Governor Dale

and cruel Governor Dale, who broke men on the wheel

Stephen Vincent Benet, The Devil and Daniel Webster

In his short story The Devil and Daniel Webster, Benet has Satan conjure up the damned souls of 12 villains from American history to serve as a jury in the case of Satan v. Jabez Stone. Only seven of these entities are named. This is the sixth in a series giving brief biographies of these men. Go here to read the biography of Simon Girty, here to read the “biography” of the Reverend John Smeet,  here to read the biography of Major Walter Butler, here to read the biography of Thomas Morton and here to read the biography of King Philip.  Today we look at Governor Thomas Dale.

The Virginia colony was close to collapse.  Too many useless “gentlemen” of leisure who had come to the New World thinking they could pick gold off the ground and quickly return to England rich.  They had not bargained for a hard pioneer life and many seemed to prefer starvation rather than forsaking their lazy habits.  Into this fiasco in the making came Thomas Dale in 1611.  A Surrey man, Dale had served both as a soldier in the Netherlands and in the Navy.  He was a military man to his marrow and something of a martinet.  The Virginia Company, realizing that strong leadership was needed if the new colony was not to dissolve into anarchy appointed Dale as Deputy Governor and as “Marshall of Virginia”.

When he got to Jamestown Dale was alarmed at the dilapidated condition of the buildings and immediately convened a meeting of the council to appoint crews to begin rebuilding Jamestown.  Dale would serve as acting Governor for the colony for three and a half months in 1611 and in 1614-1616.  In the interim Dale served as “Marshall”.  Whatever his title, while he was in the colony it was clear to all that he was in charge.

He introduced the first code of laws to the colony, popularly known as Dale’s code, which is quite severe.  However, coming into a literally lawless community I can see why Dale would have erred on the side of sternness.

Dale, without consulting anyone, ordered the cessation of the nonsensical communal farming system and assigned plots of land to the colonists.  Production of crops immediately increased.

Dale founded Bermuda Hundred, Bermuda City and Henricus which was destroyed in the Great Massacre of 1622 which killed one-third of the settlers.  He established a salt works and gave needed impetus to the fishing industry.

Dale left Virginia in 1616 on the same ship that carried Pocahontas and her husband John Rolfe, the first English tobacco planter, to England.  Dale wrote A True Relation of the State of Virginia, Left by Sir Thomas Dale, Knight, in May last, 1616.  He never returned to Virginia, dying on a military expedition to the East Indies in 1619.  A man as severe as Dale could never hope to be loved by the people he ruled, his presence on the jury of the damned in The Devil and Daniel Webster is tribute to that fact, but it is hard not to believe that without him the Virginia colony might well not have survived.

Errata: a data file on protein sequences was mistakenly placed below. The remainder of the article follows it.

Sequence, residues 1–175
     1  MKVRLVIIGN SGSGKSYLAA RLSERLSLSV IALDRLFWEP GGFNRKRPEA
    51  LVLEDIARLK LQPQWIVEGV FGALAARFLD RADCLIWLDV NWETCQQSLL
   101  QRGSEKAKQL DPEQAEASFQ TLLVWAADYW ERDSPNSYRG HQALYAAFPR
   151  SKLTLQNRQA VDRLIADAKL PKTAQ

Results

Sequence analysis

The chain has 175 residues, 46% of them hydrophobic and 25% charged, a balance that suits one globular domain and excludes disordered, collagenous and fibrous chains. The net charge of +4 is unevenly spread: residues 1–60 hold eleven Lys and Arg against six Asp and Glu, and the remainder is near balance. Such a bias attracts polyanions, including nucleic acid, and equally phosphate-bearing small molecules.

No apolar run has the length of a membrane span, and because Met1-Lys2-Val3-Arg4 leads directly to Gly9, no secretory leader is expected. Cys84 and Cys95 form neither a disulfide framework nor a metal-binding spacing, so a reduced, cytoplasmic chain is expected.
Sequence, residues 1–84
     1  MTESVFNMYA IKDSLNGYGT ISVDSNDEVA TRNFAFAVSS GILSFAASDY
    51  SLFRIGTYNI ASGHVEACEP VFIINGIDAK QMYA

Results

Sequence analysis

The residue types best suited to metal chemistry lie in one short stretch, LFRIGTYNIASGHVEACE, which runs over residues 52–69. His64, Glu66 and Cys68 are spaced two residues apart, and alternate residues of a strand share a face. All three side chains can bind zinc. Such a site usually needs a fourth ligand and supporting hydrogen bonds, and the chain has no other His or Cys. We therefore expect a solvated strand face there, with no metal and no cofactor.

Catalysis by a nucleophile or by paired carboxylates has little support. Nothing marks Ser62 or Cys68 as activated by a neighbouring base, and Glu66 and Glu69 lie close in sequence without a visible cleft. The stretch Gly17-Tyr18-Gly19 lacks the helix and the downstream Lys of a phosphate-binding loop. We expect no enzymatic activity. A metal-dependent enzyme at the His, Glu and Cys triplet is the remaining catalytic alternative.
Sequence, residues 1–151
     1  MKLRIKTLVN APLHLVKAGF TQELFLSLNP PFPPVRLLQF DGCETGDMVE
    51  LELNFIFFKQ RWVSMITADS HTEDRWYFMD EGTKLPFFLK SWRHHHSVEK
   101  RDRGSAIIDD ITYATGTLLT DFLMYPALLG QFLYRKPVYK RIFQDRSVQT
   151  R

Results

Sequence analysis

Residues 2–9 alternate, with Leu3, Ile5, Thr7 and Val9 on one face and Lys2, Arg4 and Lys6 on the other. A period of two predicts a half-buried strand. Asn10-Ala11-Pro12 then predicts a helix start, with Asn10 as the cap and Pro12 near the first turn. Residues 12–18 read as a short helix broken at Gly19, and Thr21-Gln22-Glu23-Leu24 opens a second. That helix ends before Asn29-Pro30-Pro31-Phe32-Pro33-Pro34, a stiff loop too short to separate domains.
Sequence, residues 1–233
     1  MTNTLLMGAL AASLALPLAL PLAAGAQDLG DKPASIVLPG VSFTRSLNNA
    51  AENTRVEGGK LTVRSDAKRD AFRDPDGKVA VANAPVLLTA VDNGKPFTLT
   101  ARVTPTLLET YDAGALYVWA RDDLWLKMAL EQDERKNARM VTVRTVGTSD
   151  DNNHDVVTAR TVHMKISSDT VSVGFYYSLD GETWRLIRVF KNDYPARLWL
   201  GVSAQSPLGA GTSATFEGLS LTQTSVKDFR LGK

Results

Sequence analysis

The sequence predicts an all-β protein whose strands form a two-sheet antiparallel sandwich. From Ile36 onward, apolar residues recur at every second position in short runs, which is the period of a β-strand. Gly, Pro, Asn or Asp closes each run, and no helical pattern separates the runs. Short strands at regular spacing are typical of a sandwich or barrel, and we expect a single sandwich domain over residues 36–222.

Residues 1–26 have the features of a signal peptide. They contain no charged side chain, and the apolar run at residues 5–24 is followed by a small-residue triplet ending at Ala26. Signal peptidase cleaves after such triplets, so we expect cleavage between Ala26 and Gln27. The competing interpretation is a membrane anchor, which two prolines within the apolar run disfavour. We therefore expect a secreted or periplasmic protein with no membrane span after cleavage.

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Donald R. McClarey

Cradle Catholic. Active in the pro-life movement since 1973. Father of three and happily married for 35 years. Small town lawyer and amateur historian. Former president of the board of directors of the local crisis pregnancy center for a decade.


  1. Sir Thomas Dale may be most famous for a letter that was written to him by Virginia tobacco planter John Rolfe in 1614, in which he justified his reasons for marrying Pocahontas. Clearly, John Rolfe was in love with Pocahontas, and says as much in his letter to Dale. But such carnal reasons weren’t going to be enough to satisfy the race-conscious man in charge of the Virginia colony. So, Rolfe appealed to love of God and country in his explanation:

    “… for the good of this plantation, for the honour of our countrie, for the glory of God, for my owne salvation, and for the converting to the true knowledge of God and Jesus Christ, an unbeleeving creature, namely Pokahuntas.”

    Dale was so impressed by Rolfe’s letter and his reasons for marrying the Indian princess, that he decided to ask Chief Wahunsonacock, aka Powhatan, if he could marry another one of his daughters who was only 12 years old. Powhatan wisely refused.

  2. And, by the way, Governor Dale could thank John Rolfe for being the person responsible for saving the Virginia colony. Without the tobacco hybrid that Rolfe first planted and experimented with, Virginia would have had no viable economic means of survival. And the 8-year “Peace of Pocahontas” brought about by Rolfe’s marriage to the favorite daughter of Powhatan, bought the colonists valuable time to establish an economic and political foothold in Virginia.

    By the time Powhatan’s brother Opecancanough attacked the Virginia colony in 1622, killing 1/4 of the population, it was too late for the Indians. The colonists were there to stay by that point.

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